Thursday, 3 January 2013


Hammer takes on another old school horror classic, and this is their best effort.
Christopher Lee’s turn under the bandages is simply brilliant. As is Peter Cushing’s in normal clothes; did you expect anything less? The flashback scenes are marvelously executed. This is the best mummy flick ever made; any classic horror fan should see The Mummy.

In 1957, Hammer Studios revitalized the old school gothic horror genre by tapping into creature library made famous by Universal Studios in the 1930s, rewriting the stories, and putting the results up in brilliant color.  By 1959, Hammer had finally come to a formal arrangement with Universal, allowing them to work with a little more ease and not have to go to great lengths in order to avoid being sued.  The first result out of the gates was The Mummy, and it is some of the best stuff that Hammer ever produced; arguably, it may be the best.

The screenplay borrows much from the plots of several of the old Universal flicks.  Here, our story begins in Egypt in 1895.  Stephen Banning (Felix Aylmer, Becket) and Joseph Whemple (Raymond Huntley; Meet Mr. Lucifer) are two old English archaeologists. Together with Stephen’s son John (Peter Cushing, Frankenstein Must Be Destroyed), they have found the entrance to an Ancient Egyptian tomb located far off the beaten track.  It is the tomb of Princess Ananka, High Priestess of the God Karnak.  As Stephen is about to enter, he is warned by an Egyptian named Mehmet Bey (George Pastell, From Russia With Love) to turn back before it is too late, but Stephen of course pays him no heed. Instead, he unhesitatingly steps inside, and discovers exactly the wonderful tomb he had been hoping for.  But then, something goes wrong. A scream is heard while Stephen is alone in the tomb, and when Joseph comes to see what’s wrong, he finds Stephen draped over the sarcophagus a gibbering wreck.

A year later, John has taken over the dig, and the audience watches as he re-seals the entrance to the tomb, though not before taking its treasures out for display at the British museum.  As John and Joseph leave, Mehmet Bey steps forth, and vows to get back into the tomb to recover the sacred instrument by which the long-buried Princess Ananka can be avenged for having her rest disturbed, regardless of how long it may take him to do so.  Once he has recovered that instrument, he further promises, he will go to the ends of the Earth to use it.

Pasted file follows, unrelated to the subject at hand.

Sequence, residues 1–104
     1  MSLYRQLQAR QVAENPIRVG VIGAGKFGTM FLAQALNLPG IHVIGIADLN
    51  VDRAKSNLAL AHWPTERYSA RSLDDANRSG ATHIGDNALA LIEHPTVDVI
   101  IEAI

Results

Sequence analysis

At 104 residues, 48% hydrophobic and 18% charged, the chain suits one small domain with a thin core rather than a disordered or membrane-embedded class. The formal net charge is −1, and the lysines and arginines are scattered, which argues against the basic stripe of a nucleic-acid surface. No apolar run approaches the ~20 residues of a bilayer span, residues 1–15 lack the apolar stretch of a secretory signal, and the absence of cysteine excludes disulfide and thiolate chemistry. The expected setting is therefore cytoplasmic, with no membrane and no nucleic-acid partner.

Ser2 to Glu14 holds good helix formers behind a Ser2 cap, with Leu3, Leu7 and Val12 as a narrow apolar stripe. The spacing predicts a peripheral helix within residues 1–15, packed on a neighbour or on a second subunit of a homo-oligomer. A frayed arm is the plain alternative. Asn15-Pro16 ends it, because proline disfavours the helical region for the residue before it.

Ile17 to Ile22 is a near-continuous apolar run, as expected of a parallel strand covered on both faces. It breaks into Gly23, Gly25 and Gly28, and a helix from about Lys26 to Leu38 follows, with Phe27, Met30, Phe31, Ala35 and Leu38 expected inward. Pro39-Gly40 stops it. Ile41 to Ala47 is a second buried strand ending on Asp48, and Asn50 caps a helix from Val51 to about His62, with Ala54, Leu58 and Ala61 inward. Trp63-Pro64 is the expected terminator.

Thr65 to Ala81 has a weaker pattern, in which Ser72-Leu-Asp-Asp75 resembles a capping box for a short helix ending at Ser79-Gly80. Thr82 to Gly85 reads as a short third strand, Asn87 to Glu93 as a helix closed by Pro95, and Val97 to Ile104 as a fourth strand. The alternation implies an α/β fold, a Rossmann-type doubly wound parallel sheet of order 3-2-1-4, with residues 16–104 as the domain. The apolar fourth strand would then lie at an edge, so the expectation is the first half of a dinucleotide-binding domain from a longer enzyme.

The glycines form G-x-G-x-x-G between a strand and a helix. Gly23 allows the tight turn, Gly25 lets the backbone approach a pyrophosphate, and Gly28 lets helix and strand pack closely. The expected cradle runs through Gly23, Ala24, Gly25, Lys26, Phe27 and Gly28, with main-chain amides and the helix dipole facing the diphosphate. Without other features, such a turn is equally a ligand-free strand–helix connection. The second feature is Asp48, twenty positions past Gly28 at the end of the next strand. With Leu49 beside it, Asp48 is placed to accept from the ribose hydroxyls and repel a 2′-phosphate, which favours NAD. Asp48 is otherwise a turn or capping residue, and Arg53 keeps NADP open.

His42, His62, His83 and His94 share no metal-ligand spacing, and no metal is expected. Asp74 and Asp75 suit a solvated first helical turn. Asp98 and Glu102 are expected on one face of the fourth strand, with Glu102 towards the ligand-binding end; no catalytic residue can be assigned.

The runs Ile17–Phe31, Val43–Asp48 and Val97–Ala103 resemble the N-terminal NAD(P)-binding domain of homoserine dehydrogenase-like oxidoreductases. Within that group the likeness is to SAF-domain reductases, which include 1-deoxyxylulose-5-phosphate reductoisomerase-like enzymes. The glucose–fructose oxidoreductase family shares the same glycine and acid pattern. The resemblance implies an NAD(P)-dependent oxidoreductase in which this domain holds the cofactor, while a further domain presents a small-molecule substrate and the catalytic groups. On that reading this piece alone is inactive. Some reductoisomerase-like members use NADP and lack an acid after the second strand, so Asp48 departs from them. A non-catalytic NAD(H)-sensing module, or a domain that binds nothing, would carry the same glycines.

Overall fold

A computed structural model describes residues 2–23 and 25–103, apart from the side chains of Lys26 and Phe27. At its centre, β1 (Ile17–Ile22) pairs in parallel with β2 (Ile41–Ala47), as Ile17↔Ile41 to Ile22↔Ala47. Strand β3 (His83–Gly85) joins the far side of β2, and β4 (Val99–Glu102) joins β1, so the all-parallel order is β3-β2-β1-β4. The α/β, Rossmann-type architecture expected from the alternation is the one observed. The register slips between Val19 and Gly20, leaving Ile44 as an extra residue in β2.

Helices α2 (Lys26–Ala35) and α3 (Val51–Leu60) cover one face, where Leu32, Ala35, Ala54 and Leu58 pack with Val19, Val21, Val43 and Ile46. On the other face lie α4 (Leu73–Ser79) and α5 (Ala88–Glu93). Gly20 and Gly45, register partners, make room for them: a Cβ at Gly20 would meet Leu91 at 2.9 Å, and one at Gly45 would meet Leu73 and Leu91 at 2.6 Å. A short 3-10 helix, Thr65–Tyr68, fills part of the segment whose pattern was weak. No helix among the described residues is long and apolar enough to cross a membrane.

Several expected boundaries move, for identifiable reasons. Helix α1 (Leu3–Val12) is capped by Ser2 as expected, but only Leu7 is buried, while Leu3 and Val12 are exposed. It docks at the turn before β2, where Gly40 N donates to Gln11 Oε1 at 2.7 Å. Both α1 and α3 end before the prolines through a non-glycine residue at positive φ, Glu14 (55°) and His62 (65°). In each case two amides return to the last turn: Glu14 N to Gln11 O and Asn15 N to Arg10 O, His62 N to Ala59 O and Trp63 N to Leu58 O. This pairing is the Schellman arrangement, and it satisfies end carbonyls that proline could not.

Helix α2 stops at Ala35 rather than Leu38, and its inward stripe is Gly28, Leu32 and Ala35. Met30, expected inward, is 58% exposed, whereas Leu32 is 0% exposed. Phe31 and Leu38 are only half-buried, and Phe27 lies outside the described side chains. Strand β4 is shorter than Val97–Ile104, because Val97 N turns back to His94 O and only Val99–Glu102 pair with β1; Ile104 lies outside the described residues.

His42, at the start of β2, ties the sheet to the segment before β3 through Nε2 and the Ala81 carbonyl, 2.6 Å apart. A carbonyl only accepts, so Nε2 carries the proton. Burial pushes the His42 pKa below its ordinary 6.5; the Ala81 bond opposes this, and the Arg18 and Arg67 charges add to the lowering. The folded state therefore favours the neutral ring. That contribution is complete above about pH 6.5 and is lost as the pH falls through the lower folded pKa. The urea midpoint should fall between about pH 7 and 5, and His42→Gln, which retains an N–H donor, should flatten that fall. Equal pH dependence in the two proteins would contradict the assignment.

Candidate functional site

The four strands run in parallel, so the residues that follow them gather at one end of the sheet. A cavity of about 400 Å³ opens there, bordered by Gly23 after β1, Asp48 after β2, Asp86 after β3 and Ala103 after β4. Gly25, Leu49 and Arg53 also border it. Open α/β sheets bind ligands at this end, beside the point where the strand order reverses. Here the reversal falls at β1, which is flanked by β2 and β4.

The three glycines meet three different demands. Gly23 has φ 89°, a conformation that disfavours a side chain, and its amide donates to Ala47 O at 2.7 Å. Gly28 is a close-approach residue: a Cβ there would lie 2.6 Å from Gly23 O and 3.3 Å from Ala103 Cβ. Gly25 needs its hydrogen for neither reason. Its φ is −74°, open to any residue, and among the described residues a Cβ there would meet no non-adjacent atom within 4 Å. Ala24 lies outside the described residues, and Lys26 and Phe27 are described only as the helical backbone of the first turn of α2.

Flash forward to England, 1898.  Anyone care to guess where that instrument is going to end up being used, or what it might be?  You’ve read the title of the movie, haven’t you? Hammer’s take on The Mummy may borrow heavily from its Universal predecessors, but there can be no question that this film is superior to all of those that came before in every way.  Well told, tightly directed, and superbly acted, this movie comes as close to being perfect as one is ever going to find in mid-century horror.

It all starts with the reliable pen of Hammer favorite Jimmy Sangster.  Yes, the story he writes if a familiar one that any mummy movie fan has seen before, but he weaves its elements together so well that the audience doesn’t necessarily notice, and even if they do, what they notice is that be taking only the best of the old pieces and adding in a few of his own, he’s written a superior story.  Things are further helped along by Hammer’s other “old reliable,” Director Terence Fisher, here doing what may indeed be his finest work.  The pacing of The Mummy is constant: always in motion even when the action is at a break.  Thanks to the atmosphere that Fisher’s direction generates, even conversations held over a desk carry tension, and action sequences that could easily have gone wrong given that they involve a lumbering mummy and a man with a bum leg (very nice touch, that) instead carry a high level of thrill and excitement.  Fisher also has an excellent sense of when to pull that action trigger, knowing exactly how long to hold the anticipatory suspense before letting the audience have it for maximum effect.  Directorially speaking, The Mummy truly is flawless.